Wednesday, April 29

Money management in a relationship

credit cards
New Delhi, April 29: How you handle money at the beginning of your marriage can have an enormous impact on the rest of your life.
"Fifty percent of all marriages end in dissolution and the number one reason for that is financial pressures," says debt expert Howard Dvorkin. There's evidence that the divorce rate has been diminishing for a couple of decades and may be closer to a third than a half. Dvorkin, who runs the Consolidated Credit Counseling Services, in Fort Lauderdale, Florida, has seen many marriages destroyed by money problems.
So, clear up the cash at the very beginning, and you can stop all of those arguments before they escalate out of control and build a prosperous future. Here's how...
Pay off the wedding expenses as soon as possible. The longer the debt lingers, the more it prevents you from accomplishing what you really want. Interest rates are increasing, so any debt you are carrying is likely to start costing more. Look at all the other debts you have as a couple and develop a plan for paying it off.

Develop a bill-paying system that works for you. It doesn't really matter whether you both agree to put all of your bills into the same shoebox, or use the latest in Internet banking, as long as you have a system that keeps you paying everything on time. Couples who are sharing their finances for the first time often wind up paying bills late just because they haven't got organized and that will affect their credit reports and scores.

Focus on your credit reputation. You'll both need good credit scores to buy that first family car or house. If one of you has a clean credit history and the other doesn't, keep those credit cards separate, says Dvorkin. The person who already has a good credit score can help the spouse build a better credit history by encouraging him or her to start with a secured credit card and then getting a regular credit card and making timely payments. Adding the "bad credit" spouse to the "good credit" spouse's cards won't help rebuild the weak credit score, but could hurt the good score.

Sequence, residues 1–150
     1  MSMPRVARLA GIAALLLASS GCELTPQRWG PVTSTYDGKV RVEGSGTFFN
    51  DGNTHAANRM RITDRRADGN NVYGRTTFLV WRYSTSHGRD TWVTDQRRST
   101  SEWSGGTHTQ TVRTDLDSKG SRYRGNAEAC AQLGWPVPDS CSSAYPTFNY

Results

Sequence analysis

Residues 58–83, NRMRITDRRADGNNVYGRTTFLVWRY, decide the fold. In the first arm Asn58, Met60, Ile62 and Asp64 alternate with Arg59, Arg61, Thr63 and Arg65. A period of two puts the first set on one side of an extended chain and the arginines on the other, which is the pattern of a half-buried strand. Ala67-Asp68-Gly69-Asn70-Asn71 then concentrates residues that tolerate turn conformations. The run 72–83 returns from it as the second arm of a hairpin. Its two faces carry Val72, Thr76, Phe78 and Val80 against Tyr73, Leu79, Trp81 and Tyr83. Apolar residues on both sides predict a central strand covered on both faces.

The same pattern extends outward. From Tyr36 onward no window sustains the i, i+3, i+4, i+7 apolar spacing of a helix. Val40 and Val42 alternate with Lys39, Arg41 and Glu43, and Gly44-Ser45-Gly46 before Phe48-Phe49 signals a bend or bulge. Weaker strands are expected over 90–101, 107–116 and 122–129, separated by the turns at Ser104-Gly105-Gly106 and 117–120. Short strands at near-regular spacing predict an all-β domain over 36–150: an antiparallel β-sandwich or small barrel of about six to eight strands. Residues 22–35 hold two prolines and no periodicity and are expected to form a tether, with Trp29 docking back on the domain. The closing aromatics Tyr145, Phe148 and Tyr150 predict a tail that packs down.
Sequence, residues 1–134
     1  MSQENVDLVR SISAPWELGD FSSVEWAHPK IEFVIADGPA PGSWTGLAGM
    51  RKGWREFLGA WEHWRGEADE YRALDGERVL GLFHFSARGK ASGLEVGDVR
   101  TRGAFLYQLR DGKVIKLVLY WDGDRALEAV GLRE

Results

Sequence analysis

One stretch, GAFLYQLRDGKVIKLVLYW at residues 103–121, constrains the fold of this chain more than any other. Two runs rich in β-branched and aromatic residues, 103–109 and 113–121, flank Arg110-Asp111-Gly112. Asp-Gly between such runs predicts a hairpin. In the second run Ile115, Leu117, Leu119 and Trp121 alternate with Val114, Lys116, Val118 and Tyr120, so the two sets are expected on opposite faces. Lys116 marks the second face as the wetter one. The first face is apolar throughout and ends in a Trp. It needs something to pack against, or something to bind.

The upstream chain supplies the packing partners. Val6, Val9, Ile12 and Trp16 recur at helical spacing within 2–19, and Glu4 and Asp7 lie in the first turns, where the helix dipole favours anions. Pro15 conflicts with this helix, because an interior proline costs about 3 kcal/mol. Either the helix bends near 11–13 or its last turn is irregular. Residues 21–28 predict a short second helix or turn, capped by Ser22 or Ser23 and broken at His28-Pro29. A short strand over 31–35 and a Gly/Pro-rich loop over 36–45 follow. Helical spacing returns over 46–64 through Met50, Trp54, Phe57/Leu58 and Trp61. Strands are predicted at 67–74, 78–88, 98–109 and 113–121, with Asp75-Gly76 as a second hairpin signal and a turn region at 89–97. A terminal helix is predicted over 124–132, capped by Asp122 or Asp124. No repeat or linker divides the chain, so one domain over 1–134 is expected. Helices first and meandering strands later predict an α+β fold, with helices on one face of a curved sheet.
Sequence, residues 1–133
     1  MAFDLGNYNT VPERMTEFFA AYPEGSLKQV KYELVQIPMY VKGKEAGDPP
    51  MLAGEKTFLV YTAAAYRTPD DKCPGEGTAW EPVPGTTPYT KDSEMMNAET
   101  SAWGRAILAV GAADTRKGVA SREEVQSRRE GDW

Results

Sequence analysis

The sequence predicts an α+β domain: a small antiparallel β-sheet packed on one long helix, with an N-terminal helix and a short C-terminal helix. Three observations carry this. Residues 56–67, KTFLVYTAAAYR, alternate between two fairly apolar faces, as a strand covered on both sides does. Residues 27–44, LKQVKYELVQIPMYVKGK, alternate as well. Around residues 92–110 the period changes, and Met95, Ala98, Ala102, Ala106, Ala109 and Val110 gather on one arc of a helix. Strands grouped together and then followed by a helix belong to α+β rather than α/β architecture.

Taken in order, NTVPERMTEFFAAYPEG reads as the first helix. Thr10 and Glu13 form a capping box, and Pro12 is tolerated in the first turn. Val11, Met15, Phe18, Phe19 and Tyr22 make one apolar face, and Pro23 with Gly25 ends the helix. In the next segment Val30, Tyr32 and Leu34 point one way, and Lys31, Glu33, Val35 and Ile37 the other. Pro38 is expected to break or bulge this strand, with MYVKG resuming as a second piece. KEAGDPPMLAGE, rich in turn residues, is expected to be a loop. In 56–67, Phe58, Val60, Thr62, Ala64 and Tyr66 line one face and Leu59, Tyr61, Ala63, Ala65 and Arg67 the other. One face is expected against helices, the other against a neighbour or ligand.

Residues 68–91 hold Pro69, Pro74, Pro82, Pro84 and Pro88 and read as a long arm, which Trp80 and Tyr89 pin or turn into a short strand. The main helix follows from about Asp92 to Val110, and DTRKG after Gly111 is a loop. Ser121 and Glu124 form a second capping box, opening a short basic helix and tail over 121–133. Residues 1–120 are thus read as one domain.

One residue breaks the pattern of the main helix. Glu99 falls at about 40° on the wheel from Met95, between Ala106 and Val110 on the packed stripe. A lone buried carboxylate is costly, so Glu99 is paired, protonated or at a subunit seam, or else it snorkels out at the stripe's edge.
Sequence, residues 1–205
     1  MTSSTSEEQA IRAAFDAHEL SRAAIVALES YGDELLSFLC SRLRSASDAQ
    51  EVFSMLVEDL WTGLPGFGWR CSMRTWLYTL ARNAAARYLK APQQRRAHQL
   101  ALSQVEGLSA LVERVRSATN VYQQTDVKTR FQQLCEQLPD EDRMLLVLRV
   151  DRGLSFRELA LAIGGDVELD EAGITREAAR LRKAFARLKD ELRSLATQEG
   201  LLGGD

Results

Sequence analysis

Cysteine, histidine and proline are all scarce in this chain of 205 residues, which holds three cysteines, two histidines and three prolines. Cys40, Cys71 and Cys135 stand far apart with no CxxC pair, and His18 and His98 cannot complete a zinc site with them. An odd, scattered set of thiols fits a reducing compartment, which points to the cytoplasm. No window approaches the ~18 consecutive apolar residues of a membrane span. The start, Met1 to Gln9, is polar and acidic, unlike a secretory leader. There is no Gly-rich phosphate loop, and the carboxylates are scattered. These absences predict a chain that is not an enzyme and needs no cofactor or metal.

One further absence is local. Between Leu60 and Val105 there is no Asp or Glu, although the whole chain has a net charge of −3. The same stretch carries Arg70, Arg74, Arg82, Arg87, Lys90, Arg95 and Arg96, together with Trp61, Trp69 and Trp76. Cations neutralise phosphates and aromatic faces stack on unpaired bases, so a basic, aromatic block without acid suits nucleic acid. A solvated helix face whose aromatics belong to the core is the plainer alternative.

Keep some checking accounts separate too. If you're both used to earning and spending your own money and have decided to kick in together for family finances, keep three checking accounts. One for each spouse and the household account, to which they both send money to cover shared expenses.

Talk about it all. Come up with a specific amount for purchases that are big and require you to discuss and agree to them together. Below that amount, each can spend the money without asking. New couples should have many discussions about their financial goals, too; it's easier to make the household money work if both partners are committed to the same ideal. Even if one spouse is the money person and the other isn't, set aside some time every month to discuss the family budget so both know where the money's coming from and where it's going. Even the spouse who doesn't manage the family money should know where it is.

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aditya said...

VERY,Nice post dude!!!

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